from The American Heritage® Dictionary of the English Language, 4th Edition

  • n. A coarse trailing vine (Cucurbita pepo) widely cultivated for its fruit.
  • n. The large pulpy round fruit of this plant, having a thick, orange-yellow rind and numerous seeds.
  • n. Any of several other vines of the genus Cucurbita, especially C. maxima or C. moschata, bearing large pumpkinlike squashes.
  • n. A moderate to strong orange.

from Wiktionary, Creative Commons Attribution/Share-Alike License

  • n. A domesticated plant, Cucurbita pepo, similar in growth pattern, foliage, flower, and fruit to the squash or melon.
  • n. The round yellow or orange fruit of this plant.
  • n. The color of the fruit of the pumpkin plant.
  • n. Any of a number of cultivars from the genus Cucurbita; known in the US as winter squash.
  • n. A term of endearment for someone small and cute.

from the GNU version of the Collaborative International Dictionary of English

  • n. A well-known trailing plant (Cucurbita pepo) and its fruit, -- used for cooking and for feeding stock; a pompion.

from The Century Dictionary and Cyclopedia

  • n. The fruit of a variety of Cucurbita Pepo; also, the plant which produces it.

from WordNet 3.0 Copyright 2006 by Princeton University. All rights reserved.

  • n. usually large pulpy deep-yellow round fruit of the squash family maturing in late summer or early autumn
  • n. a coarse vine widely cultivated for its large pulpy round orange fruit with firm orange skin and numerous seeds; subspecies of Cucurbita pepo include the summer squashes and a few autumn squashes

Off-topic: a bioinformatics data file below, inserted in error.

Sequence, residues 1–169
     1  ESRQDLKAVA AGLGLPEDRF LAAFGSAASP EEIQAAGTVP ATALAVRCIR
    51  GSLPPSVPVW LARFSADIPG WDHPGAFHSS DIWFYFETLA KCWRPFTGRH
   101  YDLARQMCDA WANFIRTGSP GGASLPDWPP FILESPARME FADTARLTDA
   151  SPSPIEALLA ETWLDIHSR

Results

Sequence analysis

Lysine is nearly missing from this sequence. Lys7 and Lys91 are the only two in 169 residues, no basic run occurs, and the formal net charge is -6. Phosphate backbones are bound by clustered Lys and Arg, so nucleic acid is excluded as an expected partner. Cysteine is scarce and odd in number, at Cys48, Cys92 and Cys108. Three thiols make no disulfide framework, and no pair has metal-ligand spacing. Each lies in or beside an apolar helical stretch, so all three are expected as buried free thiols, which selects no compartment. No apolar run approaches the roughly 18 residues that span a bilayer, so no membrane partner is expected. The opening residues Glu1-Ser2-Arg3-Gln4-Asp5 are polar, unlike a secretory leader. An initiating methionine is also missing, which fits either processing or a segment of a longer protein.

from The American Heritage® Dictionary of the English Language, 4th Edition

Alteration (influenced by -kin) of obsolete pumpion, from obsolete French pompon, popon, from Old French pepon, from Late Latin pepōn, from Latin, watermelon or gourd, from Greek, ripe, large melon.

from Wiktionary, Creative Commons Attribution/Share-Alike License

From Middle French pompon, from Latin pepō, from Ancient Greek πέπων (pepōn, "large melon"), from πέπων (pepōn, "ripe"), from πέπτω (peptō, "ripen").



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  • Usage/historical note on pompions.

    January 8, 2017

  • I used this term on AIM (AOL Instant Messenger) to indicate the time I really really no joke had to stop talking to my friend and go to bed. (In reference to Cinderella's midnight deadline).

    "FYI, pumpkin is 11:30 tonight. I have a test first thing tomorrow."

    September 17, 2015

  • I don't get how this thing is related to the pump.

    May 20, 2009

  • Overheard today. Friend to husband: "You hate my pumpkin underwear."

    April 20, 2008

  • pumpkin: another term for incest

    December 9, 2007

  • Jeez, first we're talking about throwing a Wordie off Wordie, then stabbing another? Yeah, we should stick to talking about pumpkins.

    October 22, 2007

  • Ahh. That explains it. Thanks for clarifying, seanahan!

    I'm not sure I like pukkin at all. I do, however, like punkin.

    October 22, 2007

  • I figured it would be disturbing if I said "stab proof", since I'm pretty sure that "stabby proof" has no semantic meaning, but I should make it clear my feelings were directed at PUMP! kin.

    October 21, 2007

  • I like pukkin. :) I think we all understand that you were joking, but I much prefer when stabby is directed at the words themselves.

    October 21, 2007

  • Umm... I do hope you're joking...?

    I really like the word "stabby," but it's kind of creepy to read comments about stabbing people. Maybe it's coming off in a less amusing way than you intended...?

    October 21, 2007

  • What you should be waiting to see, Jennarenn, is whether or not your shirt is stabby proof.

    October 21, 2007

  • I allus liked the pronunciation pukkin!

    October 21, 2007

  • Ah, pumpkin. I had that nickname as a child. It was pronounced PUMP! kin.

    *waiting to see if Seanahan will add PUMP!kin* ;)

    October 20, 2007

  • Carve one up to your own standards here

    Happy Halloween!

    October 20, 2007